So then the third conversation is the "Identity" conversation. Often what makes us anxious about these conversations is what the situation seems to say about you. If I'm asking [to raise my fee for a client], it's not the money that's on the line, it's my self-esteem or my self-image. Or [if you think,] "I'm not the kind of person that hurts someone's feelings," that's going to be a real problem if you need to give negative feedback or fire someone. So often what's getting us stuck is something in our own identity conversation. You say difficult conversations "are not about what is true, they are about what is important." What does that mean?

Heen: A big mistake we make is thinking the question is whether we're right or not. And if we're right, well then, we should win this conversation. The problem is that difficult conversations almost never occur around questions that have a right or wrong answer. The question of "How much should I be charging?" is a lot about the identity conversation. But it's not as if there's a right or wrong answer. It's about how much you feel you're worth. How much can you represent with a straight face and not feel like a fraud or like you're being taken advantage of? And although the market will give you a range, a lot of negotiation has to happen internally before you can negotiate with your client. What are some things we should accept about ourselves during the identity conversation?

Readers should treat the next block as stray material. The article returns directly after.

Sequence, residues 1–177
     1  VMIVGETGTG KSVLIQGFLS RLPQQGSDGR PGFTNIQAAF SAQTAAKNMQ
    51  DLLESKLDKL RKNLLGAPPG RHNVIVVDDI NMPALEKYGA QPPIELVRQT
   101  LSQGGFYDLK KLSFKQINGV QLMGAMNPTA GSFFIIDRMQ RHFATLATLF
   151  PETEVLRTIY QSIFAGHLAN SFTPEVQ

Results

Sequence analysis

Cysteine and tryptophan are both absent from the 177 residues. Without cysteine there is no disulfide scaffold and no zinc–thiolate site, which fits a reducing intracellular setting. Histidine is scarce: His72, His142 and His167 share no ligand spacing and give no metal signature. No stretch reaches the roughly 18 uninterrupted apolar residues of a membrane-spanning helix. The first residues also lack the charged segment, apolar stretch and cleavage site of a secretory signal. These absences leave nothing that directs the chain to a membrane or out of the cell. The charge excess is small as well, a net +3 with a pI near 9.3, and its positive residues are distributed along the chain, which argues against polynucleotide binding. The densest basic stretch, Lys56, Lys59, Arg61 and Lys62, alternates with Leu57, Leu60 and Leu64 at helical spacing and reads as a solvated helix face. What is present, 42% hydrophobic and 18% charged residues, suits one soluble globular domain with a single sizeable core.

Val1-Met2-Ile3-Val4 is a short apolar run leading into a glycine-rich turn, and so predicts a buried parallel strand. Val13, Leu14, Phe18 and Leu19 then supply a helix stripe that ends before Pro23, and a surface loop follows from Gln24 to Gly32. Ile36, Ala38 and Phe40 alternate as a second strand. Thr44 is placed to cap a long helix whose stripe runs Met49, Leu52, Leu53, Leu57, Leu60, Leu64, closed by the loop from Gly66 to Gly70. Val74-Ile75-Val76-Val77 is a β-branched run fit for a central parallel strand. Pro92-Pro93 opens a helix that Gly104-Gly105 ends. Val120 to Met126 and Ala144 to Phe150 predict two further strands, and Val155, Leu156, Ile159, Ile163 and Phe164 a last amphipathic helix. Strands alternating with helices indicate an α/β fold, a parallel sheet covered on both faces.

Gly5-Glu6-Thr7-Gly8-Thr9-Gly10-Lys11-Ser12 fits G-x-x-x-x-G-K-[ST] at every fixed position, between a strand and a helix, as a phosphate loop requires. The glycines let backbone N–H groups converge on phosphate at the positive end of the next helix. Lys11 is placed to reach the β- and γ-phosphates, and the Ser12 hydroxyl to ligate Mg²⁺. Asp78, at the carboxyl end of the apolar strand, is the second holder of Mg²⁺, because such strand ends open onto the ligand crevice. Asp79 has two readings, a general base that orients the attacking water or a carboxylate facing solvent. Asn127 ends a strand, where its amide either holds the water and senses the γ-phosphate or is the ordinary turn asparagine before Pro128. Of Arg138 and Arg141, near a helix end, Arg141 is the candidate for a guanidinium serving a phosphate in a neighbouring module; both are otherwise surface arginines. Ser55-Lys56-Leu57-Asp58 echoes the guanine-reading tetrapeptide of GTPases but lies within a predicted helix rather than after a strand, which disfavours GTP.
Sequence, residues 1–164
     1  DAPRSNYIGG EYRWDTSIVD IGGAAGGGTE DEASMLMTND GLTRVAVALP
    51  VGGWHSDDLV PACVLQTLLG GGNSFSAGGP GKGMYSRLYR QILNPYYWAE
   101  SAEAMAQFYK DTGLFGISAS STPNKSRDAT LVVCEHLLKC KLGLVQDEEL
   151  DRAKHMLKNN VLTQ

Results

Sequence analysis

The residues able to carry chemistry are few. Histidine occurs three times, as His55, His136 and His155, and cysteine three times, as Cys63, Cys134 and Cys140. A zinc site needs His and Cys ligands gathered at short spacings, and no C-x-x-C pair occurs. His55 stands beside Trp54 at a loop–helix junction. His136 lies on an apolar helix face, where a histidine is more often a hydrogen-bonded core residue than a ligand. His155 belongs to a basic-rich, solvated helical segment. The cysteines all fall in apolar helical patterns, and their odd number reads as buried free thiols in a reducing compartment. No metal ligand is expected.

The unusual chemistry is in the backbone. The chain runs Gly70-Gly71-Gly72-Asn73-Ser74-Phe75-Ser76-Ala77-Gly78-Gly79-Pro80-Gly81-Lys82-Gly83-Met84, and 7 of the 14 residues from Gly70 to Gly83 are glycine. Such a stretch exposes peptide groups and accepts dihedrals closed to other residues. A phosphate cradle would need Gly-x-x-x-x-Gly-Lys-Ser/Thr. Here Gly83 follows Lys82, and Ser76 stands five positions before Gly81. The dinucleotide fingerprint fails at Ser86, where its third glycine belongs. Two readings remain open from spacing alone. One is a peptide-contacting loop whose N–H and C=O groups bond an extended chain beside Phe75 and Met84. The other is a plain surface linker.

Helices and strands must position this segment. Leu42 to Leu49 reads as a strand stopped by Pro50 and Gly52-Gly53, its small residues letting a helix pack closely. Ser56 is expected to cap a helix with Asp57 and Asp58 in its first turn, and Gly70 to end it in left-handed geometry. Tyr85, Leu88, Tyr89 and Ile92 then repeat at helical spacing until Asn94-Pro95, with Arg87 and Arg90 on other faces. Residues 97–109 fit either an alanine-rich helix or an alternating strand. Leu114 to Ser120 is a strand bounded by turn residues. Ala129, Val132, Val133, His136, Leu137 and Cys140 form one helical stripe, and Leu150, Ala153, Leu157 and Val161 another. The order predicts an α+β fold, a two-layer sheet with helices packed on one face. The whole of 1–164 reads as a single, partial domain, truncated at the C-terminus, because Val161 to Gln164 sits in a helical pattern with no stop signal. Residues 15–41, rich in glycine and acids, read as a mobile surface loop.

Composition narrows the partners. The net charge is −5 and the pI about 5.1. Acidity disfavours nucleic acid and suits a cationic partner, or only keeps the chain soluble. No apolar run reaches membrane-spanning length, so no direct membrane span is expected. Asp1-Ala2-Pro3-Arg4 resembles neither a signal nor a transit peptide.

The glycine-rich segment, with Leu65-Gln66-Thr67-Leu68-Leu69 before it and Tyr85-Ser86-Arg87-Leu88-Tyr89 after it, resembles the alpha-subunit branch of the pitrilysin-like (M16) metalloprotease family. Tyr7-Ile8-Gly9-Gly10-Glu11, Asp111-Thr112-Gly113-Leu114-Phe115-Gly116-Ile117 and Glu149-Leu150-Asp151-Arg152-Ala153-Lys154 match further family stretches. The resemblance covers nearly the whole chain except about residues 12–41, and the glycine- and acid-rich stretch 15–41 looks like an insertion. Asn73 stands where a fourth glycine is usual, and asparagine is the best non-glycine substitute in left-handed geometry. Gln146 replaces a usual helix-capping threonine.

Heen: Sometimes the conversation you need to have isn't a conversation with the other person, it's a conversation with yourself in which you need to let go of what we call the "either/or" identity. Either I'm competent or I'm completely incompetent. If I made a mistake, then that's a disaster because now I've totally redefined myself.

So one thing to accept is that, whatever your description is of the kind of person you are, sometimes it's not true. Everybody makes mistakes. Everybody is sometimes less generous, competent, ethical, loyal, responsible or thorough than they would like to be. So accepting that and accepting responsibility for the things you wish you had done differently can actually mean you don't have to have the conversation at all. Or that if you do have the conversation, you're much better grounded because you've already accepted those things. You disarm the other person from being able to knock you off balance with these things. What's the purpose of the third story?

Heen: Let's say my business partner and I are in conflict because I feel he's not putting enough time into the business. The temptation is to always start the conversation from inside my story, my version of events. "Look, Doug. You need to decide whether you're committed or not." And what that does is offers him the role of the villain.